3. Inktomi Search Software offers a powerful and scalable natural language search engine for thousands to millions of pages. Options include a CCE (content classification engine) for the creation of directories and display of search results with categories. You can also adjust relevance rankings and index database content, spider SSL-protected servers, and search multiple language documents. Licensing costs vary by database size, starting at $2,995 for 3,000 documents with no penalty for updating to a larger index. Try Inktomi Search Software for free by downloading a 30-day evaluation copy. Customers include Boeing, CNN, Yale University, and many more.
  4. Mohomine builds licensable and OEM software products and solutions for ebusiness unstructured data management. Mohomine software enables enterprise applications to access and intelligently use unstructured data. Customers include Qualcomm, Peoplesoft, and Sourcebank.
Free Search Tools

Smaller ecommerce sites should also provide site search. If the above solutions prove too expensive, consider these two free site search options:

    1. Atomz offers a free search engine service for smaller sites of less than 500 pages and does not have an ad-viewing requirement. You can quickly add a powerful search engine to any Website with just a few lines of HTML and no programming.
  1. FreeFind is another free search engine, but requires that users view ads. A professional version is available without advertising.
Evaluating Site Search Technology

Those evaluating site search technology will want to look at price, platform, capacity, ease of installation, and maintenance requirements. This requires coordination between the company’s top administrative and technical managers, their product or department managers, and the Webmaster, to create a plan with a timeline.

The next step is to screen available search tools based on your requirements and compatibility to your existing systems and site infrastructure. This involves defining preliminary and end-user requirements, checking a database of site search tools, and choosing the most appropriate options for further evaluation.

It’s helpful to develop a technical requirements document for end-user needs, administration, cost of ownership, vendor reliability, hardware and OS compatibility.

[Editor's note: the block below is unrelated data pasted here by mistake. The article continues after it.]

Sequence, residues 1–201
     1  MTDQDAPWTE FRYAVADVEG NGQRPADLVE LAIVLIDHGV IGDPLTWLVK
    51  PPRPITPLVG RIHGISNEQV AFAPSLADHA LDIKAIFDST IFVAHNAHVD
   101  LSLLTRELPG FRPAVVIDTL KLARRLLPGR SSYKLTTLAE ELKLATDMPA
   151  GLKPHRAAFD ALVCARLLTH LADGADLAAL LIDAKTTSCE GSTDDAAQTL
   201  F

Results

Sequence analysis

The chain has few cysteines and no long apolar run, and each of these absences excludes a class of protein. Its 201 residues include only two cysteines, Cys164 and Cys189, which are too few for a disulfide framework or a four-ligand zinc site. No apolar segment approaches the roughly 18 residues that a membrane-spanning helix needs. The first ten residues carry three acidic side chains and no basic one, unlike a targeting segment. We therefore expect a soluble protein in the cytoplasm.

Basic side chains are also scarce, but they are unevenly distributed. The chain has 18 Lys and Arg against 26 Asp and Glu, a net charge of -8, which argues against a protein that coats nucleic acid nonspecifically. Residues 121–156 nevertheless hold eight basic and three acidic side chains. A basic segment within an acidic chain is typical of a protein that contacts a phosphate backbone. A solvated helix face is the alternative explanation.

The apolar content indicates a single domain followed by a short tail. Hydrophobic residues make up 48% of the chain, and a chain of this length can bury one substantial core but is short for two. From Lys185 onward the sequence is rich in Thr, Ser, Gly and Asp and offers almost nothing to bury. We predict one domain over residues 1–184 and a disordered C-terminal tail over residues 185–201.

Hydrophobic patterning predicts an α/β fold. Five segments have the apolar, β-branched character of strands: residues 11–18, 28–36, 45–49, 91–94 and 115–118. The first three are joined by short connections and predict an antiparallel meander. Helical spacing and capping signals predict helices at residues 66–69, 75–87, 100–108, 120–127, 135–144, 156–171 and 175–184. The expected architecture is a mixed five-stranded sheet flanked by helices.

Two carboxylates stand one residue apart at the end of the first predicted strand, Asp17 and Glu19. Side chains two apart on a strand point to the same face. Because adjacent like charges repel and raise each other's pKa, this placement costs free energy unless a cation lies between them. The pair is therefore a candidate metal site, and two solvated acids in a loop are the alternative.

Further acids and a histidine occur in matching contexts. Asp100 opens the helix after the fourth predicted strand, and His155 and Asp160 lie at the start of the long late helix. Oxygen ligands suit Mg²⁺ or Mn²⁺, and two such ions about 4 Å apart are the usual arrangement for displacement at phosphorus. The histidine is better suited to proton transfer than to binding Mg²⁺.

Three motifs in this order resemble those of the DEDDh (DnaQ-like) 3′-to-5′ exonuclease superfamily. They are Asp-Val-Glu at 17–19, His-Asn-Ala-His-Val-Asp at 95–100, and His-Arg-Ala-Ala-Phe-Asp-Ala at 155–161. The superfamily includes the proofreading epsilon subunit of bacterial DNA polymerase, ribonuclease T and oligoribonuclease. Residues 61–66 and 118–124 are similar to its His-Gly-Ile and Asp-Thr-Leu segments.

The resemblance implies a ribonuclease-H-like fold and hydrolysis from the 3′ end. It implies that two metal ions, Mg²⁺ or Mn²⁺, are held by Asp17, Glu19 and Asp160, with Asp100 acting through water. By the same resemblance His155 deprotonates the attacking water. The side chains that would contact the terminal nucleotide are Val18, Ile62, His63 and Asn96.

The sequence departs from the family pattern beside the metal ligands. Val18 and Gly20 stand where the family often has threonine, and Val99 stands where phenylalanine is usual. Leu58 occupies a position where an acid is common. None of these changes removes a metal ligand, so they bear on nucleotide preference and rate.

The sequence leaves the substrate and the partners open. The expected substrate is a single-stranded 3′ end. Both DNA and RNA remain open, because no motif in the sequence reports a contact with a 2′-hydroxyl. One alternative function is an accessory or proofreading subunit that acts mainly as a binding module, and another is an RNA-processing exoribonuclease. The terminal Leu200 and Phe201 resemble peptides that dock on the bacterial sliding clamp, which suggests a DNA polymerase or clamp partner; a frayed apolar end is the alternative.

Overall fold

Once technical requirements are established, evaluate the options based on this document. Some product features you might consider are:

  • Advanced machine learning: content-based information retrieval and organization.
  • Customization: ability to personalize the tool to your site’s characteristics and users’ needs.
  • Topic-specific knowledge mining: client-defined content.
  • Automation: scalable, machine-driven knowledge management procedures.
  • Information extraction and summarization: the ability to extract meaningful content.
  • Handcrafted taxonomies: the ability to classify information in a way that’s relevant to the methods your users utlize to search.
  • Parametric searching: the retrieval and organization of information by textual qualities and properties.
  • Hosted ASP models: the elimination of the need for companies to purchase, maintain, and upgrade knowledge management technology in-house.

After you evaluate your selected options, install test versions of the final candidate products and perform automated and manual user tests. Evaluate the results of the top three; then select, customize, and install your new search tool. As a last step, don’t forget to publicize the new search tool and feature it prominently on the site.

Billions of dollars in online purchases are lost because of a lack of search tools or badly designed tools that yield poor results. Don’t fall into this trap. eCommerce sites can turn one-time visitors into loyal, repeat customers by helping online buyers find exactly what they’re looking for.